The present invention also encompasses apparatus for use in the practice of the above-described novel process.
The present invention may be better understood and its numerous objects and advantages will become apparent to those skilled in the art by reference to the accompanying drawing wherein like reference numerals refer to like elements in the two figures and in which;
FIG. 1 is a schematic, cross-sectional side elevation view of apparatus in accordance with a first embodiment of the invention; and
FIG. 2 is a schematic, cross-sectional side elevation view of apparatus in accordance with a second embodiment of the invention.
Referring to FIG. 1, a conveyor for transporting tubs 1 which are to be sterilized is indicated at 2. The conveyor 2 is provided with plural recesses 2a in which the tubs 1, which for example may be intended to be filled with dairy products, are supported by the lip flanges provided on the tubs. A vertically movable support 3 is positioned above conveyor 2 and supports a plurality of spray nozzles 4, the nozzles 4 being positioned so as to be centered with respect to the conveyor recesses 2a. Each of nozzles 4 is connected, via a conduit 4a, to a source of compressed air and, by a conduit 4b, to a reservoir which contains a mixture of hydrogen peroxide or other suitable sterilizing agent.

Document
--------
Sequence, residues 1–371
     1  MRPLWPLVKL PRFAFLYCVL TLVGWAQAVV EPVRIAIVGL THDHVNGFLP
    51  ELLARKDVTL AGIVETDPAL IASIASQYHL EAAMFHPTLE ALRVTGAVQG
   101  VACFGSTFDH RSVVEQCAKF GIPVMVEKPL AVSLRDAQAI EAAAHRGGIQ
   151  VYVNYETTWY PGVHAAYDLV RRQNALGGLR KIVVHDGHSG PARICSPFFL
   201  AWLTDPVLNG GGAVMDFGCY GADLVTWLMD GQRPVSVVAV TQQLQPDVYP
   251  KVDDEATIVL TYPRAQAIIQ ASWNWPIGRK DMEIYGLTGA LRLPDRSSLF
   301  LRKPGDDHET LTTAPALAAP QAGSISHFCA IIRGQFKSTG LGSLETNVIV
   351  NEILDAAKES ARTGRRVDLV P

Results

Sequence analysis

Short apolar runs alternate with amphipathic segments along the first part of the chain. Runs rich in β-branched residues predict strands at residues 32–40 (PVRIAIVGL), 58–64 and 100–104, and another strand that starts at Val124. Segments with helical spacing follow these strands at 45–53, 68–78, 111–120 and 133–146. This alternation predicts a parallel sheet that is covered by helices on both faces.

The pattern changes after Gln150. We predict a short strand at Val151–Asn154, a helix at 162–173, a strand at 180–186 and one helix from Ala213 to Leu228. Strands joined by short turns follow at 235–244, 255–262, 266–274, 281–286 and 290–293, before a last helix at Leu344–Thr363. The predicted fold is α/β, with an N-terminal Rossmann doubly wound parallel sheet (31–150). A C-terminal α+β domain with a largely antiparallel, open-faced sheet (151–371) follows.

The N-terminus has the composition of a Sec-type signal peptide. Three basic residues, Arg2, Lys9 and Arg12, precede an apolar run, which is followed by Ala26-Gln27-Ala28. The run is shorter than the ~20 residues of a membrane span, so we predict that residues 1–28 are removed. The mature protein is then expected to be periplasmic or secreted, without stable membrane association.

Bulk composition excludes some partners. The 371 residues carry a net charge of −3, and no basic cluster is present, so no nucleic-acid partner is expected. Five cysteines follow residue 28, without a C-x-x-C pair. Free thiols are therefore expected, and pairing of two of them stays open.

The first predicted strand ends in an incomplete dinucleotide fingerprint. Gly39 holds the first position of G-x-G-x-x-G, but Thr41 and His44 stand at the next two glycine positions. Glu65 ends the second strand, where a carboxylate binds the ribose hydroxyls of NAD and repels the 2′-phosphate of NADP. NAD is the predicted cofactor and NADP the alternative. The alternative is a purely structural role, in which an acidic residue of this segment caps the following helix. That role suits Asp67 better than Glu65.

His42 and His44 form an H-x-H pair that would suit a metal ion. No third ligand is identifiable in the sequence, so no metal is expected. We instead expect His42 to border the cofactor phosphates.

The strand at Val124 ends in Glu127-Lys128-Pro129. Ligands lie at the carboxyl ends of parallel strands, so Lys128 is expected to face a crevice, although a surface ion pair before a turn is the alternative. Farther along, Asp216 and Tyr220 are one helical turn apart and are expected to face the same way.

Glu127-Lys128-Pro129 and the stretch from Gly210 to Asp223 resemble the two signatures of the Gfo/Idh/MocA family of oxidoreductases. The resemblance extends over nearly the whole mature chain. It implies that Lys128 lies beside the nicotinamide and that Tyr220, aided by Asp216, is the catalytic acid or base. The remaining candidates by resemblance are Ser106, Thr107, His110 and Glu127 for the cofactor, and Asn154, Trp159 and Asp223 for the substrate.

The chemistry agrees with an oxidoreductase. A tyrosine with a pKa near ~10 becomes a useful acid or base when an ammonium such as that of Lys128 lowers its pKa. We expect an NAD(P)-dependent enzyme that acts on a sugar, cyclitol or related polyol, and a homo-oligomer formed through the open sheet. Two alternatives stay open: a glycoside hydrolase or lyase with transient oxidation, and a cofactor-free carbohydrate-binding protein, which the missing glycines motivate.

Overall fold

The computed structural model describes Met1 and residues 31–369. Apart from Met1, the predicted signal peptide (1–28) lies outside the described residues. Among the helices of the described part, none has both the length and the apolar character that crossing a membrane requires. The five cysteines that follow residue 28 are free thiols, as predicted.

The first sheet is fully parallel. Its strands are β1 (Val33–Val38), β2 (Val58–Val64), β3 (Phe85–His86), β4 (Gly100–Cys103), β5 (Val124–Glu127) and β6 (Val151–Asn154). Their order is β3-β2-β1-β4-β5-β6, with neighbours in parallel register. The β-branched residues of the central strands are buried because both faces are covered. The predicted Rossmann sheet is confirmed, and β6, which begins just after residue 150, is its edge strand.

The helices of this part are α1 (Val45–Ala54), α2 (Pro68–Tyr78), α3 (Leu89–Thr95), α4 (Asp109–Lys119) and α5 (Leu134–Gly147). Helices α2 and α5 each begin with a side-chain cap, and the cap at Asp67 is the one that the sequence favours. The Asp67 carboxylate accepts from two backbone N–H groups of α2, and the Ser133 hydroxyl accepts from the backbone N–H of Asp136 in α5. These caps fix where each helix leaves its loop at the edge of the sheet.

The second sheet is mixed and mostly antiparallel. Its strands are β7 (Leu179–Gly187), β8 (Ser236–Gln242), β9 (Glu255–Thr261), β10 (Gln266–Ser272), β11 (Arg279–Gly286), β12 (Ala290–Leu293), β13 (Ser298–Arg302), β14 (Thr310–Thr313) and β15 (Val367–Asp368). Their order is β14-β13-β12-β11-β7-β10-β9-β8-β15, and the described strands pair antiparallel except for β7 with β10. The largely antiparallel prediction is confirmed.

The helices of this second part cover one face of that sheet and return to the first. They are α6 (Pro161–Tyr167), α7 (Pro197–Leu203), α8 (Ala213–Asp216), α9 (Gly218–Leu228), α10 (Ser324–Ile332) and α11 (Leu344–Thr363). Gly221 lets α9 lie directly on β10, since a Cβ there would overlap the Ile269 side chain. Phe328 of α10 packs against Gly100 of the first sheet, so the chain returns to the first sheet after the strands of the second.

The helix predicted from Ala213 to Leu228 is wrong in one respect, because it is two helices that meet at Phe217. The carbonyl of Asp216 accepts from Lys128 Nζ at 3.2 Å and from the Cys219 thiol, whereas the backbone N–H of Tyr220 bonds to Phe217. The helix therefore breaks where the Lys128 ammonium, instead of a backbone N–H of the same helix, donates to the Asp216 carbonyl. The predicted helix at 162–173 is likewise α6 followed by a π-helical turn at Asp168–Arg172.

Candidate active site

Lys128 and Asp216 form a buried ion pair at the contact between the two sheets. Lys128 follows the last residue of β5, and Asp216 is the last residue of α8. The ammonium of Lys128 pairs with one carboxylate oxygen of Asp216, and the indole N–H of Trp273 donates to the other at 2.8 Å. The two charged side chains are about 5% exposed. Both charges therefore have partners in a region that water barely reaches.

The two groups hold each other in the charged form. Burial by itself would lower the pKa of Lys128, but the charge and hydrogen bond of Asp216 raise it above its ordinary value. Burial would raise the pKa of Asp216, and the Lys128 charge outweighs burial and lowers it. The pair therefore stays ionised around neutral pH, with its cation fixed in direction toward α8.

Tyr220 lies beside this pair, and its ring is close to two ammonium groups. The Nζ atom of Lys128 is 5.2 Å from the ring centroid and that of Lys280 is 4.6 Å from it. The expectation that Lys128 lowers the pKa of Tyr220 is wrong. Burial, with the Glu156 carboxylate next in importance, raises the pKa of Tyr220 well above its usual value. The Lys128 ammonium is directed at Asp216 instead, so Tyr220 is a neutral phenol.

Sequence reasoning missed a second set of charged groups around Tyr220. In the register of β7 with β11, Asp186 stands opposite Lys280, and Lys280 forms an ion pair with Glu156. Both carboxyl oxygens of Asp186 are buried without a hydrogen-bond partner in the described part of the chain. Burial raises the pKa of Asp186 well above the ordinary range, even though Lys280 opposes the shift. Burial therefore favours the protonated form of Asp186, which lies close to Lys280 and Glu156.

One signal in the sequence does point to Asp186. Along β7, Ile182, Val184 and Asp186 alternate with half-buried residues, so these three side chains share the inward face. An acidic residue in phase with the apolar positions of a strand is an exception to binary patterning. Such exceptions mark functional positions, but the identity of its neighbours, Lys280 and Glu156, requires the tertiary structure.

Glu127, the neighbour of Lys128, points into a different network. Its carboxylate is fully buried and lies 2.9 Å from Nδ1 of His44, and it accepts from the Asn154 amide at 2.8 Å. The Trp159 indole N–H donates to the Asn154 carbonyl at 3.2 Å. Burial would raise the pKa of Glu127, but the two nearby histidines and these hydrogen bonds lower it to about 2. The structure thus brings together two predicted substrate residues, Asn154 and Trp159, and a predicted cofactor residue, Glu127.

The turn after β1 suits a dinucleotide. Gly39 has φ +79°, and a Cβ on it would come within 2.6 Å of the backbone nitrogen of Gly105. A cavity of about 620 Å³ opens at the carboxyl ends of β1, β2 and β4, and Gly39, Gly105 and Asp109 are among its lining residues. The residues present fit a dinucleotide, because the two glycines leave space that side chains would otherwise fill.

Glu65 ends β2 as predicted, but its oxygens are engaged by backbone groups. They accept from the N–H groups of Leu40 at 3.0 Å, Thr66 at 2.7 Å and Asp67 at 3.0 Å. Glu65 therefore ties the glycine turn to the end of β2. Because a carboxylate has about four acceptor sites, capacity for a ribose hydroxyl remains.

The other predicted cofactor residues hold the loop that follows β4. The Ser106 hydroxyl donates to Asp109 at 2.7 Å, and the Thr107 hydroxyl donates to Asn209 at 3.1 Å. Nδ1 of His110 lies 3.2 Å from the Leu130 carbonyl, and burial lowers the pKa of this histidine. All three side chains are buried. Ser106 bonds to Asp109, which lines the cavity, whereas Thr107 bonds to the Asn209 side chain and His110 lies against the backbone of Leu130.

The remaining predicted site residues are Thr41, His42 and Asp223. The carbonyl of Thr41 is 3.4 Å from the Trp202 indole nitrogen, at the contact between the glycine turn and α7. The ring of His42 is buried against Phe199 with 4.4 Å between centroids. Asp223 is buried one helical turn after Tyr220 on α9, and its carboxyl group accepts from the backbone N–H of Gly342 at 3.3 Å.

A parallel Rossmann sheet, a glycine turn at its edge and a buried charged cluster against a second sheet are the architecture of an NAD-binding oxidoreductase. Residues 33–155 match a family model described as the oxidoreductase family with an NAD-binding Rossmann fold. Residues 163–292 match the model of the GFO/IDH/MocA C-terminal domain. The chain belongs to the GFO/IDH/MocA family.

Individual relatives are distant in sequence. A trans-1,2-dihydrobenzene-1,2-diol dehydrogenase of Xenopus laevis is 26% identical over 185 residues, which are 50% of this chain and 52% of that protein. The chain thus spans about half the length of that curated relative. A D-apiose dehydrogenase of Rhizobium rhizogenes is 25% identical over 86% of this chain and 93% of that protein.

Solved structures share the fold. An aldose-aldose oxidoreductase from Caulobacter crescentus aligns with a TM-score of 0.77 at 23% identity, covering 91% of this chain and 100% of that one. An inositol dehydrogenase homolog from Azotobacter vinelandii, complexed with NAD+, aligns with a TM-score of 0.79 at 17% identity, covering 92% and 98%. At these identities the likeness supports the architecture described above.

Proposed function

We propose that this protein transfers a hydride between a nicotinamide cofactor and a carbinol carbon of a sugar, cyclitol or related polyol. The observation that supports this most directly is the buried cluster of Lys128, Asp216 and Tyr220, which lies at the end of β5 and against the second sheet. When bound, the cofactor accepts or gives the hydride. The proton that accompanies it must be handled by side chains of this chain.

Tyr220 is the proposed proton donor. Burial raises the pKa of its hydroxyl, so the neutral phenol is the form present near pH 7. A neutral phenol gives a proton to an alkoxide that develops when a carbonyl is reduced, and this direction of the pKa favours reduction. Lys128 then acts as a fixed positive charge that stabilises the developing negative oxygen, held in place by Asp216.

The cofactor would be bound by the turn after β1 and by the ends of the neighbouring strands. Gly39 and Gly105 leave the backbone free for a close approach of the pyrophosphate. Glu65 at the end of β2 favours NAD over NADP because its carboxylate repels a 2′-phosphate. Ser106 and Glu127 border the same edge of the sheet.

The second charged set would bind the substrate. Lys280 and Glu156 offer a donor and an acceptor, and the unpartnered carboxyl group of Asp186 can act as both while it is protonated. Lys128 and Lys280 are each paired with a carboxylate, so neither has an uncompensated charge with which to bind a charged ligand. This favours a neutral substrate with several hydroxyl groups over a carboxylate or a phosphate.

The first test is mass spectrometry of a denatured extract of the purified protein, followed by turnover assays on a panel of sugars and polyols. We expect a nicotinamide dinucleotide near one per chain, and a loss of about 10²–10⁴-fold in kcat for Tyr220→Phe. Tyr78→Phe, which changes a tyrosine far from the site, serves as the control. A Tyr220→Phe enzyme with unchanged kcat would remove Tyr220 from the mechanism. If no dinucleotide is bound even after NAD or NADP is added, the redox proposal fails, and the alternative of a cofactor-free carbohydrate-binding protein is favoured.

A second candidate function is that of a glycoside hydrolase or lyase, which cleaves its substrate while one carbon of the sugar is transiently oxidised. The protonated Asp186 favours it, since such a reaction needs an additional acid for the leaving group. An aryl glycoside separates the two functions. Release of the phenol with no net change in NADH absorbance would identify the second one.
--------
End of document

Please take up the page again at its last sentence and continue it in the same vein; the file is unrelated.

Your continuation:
During the sterilization procedure the open ends of the tubs 1 are closed by means of caps 5 which are mounted on and hermetically sealed to the nozzles 4 as indicated at 5a. Thus the caps are provided with peripheral flanges which are urged tightly against the lip flanges of the tubs by the descending motion of the support 3. The discharge ends of the nozzles 4 project into the chambers defined in part by the caps 5.
A heating coil 6 is supported from and extends below each of the nozzles 4. In the embodiment depicted in FIG. 1 the tubs to be sterilized are of frutoconical shape and thus the heating coils 6 are in the shape of truncated cones which project into the tubs so as to be spaced a predetermined distance from the base and wall thereof. The coils 6 are connected to a source of electric current.
As noted above, the support member 3, and thus the nozzles 4 and heating coils 6, are movable vertically with respect to conveyor 2, this movement being indicated by the double headed arrow. The rate of vertical movement of the support 3 is synchronized with the advance of the rows of tubs whereby the heating coils are lowered briefly into previously untreated tubs, the tops of the tubs are sealed by the caps 5 and the sterilization treatment is performed.